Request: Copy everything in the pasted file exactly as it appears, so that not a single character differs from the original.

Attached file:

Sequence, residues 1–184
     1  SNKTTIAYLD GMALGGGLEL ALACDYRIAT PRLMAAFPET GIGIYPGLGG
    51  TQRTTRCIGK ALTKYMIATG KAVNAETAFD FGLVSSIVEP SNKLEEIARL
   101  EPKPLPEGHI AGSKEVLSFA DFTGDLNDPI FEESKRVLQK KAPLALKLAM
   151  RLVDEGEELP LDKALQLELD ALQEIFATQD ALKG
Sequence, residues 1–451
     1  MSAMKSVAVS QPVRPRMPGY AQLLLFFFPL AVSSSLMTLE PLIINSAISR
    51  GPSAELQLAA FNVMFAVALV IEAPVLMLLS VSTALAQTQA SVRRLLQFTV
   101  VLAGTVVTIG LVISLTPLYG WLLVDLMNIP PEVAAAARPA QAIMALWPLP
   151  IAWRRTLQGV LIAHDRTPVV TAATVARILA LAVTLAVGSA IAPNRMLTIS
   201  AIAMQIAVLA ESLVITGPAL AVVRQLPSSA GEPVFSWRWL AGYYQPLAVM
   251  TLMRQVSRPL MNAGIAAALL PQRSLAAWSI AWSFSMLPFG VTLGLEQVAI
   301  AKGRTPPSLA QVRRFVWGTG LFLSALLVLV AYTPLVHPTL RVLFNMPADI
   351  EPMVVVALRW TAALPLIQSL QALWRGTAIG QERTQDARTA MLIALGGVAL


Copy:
Sequence, residues 1–184
     1  SNKTTIAYLD GMALGGGLEL ALACDYRIAT PRLMAAFPET GIGIYPGLGG
    51  TQRTTRCIGK ALTKYMIATG KAVNAETAFD FGLVSSIVEP SNKLEEIARL
   101  EPKPLPEGHI AGSKEVLSFA DFTGDLNDPI FEESKRVLQK KAPLALKLAM
   151  RLVDEGEELP LDKALQLELD ALQEIFATQD ALKG
Sequence, residues 1–451
     1  MSAMKSVAVS QPVRPRMPGY AQLLLFFFPL AVSSSLMTLE PLIINSAISR
    51  GPSAELQLAA FNVMFAVALV IEAPVLMLLS VSTALAQTQA SVRRLLQFTV
   101  VLAGTVVTIG LVISLTPLYG WLLVDLMNIP PEVAAAARPA QAIMALWPLP
   151  IAWRRTLQGV LIAHDRTPVV TAATVARILA LAVTLAVGSA IAPNRMLTIS
   201  AIAMQIAVLA ESLVITGPAL AVVRQLPSSA GEPVFSWRWL AGYYQPLAVM
   251  TLMRQVSRPL MNAGIAAALL PQRSLAAWSI AWSFSMLPFG VTLGLEQVAI
   301  AKGRTPPSLA QVRRFVWGTG LFLSALLVLV AYTPLVHPTL RVLFNMPADI
   351  EPMVVVALRW TAALPLIQSL QALWRGTAIG QERTQDARTA MLIALGGVAL